12 Songs, 39 Minutes

EDITORS’ NOTES

Picking up where her charming 2009 debut left off, Zee Avi delivers another set of sunny and relaxed folk pop that revolves around her lovely vocals. For this release she had more time to devote to songwriting and arranging (with help from producer Mario Caldato, Jr.) and it pays off with interesting and nuanced songs. The first several are sweetly-strummed ukulele and acoustic guitar numbers that are textured with strings, piano, and percussion, and she sings in her native Malaysian dialect, backed by a light bossa nova beat, on “Siboh Kitak Nangis.” But before the tropical vibe of the first five tracks lulls you into a haze, Avi mixes things up halfway through, proving that she’s more than just a pretty voice. “The Book of Morris Johnson” has a chirpy synth beat and odd samples, the muted horns and walking upright bass of “Madness” has her showing off some jazzy vocal phrasing, and the a cappella-driven “Concrete Wall” is the album’s anomaly that may also be its catchiest track. By injecting a few surprises on Ghostbird Avi sets herself apart from the crowded coffeehouse-folk genre.

EDITORS’ NOTES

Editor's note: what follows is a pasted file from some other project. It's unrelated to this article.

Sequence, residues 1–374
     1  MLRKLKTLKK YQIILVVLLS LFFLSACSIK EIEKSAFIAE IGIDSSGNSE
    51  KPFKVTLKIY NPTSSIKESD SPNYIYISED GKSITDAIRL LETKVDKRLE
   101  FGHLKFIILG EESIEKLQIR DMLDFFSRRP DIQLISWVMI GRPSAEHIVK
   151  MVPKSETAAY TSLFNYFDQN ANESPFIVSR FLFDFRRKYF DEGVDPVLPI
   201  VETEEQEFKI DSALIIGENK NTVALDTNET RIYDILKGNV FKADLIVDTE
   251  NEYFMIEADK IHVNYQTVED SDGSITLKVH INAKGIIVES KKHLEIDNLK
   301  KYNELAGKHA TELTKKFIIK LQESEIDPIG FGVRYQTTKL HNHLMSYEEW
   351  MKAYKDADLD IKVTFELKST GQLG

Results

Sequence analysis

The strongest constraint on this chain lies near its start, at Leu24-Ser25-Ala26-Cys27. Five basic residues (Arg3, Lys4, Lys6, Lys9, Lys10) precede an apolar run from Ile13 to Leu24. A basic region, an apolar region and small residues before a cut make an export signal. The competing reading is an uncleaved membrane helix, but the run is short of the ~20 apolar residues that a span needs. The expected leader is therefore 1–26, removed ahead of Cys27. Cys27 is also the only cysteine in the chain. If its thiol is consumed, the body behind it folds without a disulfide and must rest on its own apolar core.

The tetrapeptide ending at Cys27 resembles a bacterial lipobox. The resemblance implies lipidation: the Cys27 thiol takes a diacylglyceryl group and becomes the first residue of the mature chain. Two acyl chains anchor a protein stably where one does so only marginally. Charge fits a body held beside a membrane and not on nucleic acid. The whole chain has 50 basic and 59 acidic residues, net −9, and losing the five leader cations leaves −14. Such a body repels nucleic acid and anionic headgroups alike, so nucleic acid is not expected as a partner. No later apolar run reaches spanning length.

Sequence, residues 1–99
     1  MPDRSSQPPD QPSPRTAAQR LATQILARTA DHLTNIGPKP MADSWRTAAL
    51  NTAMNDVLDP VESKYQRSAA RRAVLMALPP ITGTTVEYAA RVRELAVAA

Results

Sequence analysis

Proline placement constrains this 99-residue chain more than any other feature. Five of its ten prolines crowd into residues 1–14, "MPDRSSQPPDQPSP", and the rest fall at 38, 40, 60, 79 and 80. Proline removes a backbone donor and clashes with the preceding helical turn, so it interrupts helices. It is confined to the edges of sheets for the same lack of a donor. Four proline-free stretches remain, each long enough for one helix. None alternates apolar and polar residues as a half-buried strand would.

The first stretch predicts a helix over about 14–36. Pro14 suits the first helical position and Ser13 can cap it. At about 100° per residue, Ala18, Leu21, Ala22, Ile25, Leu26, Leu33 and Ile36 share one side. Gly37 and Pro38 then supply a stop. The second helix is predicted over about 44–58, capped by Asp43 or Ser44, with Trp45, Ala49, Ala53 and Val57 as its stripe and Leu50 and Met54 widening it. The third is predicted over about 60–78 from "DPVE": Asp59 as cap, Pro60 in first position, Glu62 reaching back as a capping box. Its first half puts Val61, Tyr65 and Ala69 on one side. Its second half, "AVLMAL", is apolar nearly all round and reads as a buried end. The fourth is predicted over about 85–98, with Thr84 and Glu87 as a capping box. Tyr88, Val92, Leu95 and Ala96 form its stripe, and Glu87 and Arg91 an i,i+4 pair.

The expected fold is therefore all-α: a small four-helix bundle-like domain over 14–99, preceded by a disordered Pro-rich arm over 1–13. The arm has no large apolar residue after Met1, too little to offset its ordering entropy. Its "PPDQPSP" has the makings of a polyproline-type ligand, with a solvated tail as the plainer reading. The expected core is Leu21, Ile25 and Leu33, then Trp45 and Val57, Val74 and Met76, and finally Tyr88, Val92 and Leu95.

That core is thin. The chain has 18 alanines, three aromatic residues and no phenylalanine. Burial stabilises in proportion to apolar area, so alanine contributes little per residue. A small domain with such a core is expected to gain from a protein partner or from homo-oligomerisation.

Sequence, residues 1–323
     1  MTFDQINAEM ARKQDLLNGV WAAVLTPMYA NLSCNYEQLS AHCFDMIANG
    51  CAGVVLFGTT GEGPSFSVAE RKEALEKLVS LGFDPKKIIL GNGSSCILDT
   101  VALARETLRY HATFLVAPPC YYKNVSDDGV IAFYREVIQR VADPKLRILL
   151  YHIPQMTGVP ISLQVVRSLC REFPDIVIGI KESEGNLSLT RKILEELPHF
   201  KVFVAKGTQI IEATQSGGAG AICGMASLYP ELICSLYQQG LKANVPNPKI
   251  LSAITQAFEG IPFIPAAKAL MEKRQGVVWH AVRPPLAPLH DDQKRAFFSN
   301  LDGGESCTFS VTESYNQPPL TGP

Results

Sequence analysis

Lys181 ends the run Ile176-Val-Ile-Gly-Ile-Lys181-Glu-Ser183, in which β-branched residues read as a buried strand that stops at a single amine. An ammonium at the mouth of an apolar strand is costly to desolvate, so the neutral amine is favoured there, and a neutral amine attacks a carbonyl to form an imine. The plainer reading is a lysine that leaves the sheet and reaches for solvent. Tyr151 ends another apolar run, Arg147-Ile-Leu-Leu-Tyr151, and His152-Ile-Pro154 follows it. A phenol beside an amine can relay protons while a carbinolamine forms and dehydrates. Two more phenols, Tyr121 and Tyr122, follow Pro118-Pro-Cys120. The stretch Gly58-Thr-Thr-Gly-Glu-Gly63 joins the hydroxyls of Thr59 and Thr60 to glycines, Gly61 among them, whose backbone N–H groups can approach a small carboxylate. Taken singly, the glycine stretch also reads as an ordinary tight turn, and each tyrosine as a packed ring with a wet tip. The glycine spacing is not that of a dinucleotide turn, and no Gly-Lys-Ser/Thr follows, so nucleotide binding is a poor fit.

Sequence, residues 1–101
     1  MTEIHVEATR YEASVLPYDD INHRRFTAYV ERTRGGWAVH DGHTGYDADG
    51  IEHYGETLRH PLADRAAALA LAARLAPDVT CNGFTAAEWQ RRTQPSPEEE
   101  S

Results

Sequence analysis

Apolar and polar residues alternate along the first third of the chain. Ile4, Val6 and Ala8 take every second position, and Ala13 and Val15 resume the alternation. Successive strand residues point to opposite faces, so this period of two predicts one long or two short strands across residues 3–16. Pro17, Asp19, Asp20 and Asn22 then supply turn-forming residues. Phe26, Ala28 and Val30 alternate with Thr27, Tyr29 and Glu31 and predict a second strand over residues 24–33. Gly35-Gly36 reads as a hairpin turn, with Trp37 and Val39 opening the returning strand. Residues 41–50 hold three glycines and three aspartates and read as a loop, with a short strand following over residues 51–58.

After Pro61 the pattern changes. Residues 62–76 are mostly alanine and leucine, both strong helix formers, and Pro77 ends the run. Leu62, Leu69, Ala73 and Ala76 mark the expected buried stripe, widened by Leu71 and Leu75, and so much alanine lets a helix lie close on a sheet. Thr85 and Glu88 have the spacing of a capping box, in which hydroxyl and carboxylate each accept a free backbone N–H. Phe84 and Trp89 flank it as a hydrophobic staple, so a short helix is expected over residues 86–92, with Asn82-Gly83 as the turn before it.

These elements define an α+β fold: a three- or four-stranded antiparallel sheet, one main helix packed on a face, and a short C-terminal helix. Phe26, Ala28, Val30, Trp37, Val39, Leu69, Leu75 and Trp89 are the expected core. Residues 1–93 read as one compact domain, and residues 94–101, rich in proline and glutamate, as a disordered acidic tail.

Picking up where her charming 2009 debut left off, Zee Avi delivers another set of sunny and relaxed folk pop that revolves around her lovely vocals. For this release she had more time to devote to songwriting and arranging (with help from producer Mario Caldato, Jr.) and it pays off with interesting and nuanced songs. The first several are sweetly-strummed ukulele and acoustic guitar numbers that are textured with strings, piano, and percussion, and she sings in her native Malaysian dialect, backed by a light bossa nova beat, on “Siboh Kitak Nangis.” But before the tropical vibe of the first five tracks lulls you into a haze, Avi mixes things up halfway through, proving that she’s more than just a pretty voice. “The Book of Morris Johnson” has a chirpy synth beat and odd samples, the muted horns and walking upright bass of “Madness” has her showing off some jazzy vocal phrasing, and the a cappella-driven “Concrete Wall” is the album’s anomaly that may also be its catchiest track. By injecting a few surprises on Ghostbird Avi sets herself apart from the crowded coffeehouse-folk genre.

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